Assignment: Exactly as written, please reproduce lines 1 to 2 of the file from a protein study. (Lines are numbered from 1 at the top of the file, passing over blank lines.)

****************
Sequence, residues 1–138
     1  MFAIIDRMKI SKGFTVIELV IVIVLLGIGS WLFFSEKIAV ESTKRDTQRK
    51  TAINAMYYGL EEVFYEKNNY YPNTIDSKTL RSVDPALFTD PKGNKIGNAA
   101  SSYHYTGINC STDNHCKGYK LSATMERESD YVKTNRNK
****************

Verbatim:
Sequence, residues 1–138
     1  MFAIIDRMKI SKGFTVIELV IVIVLLGIGS WLFFSEKIAV ESTKRDTQRK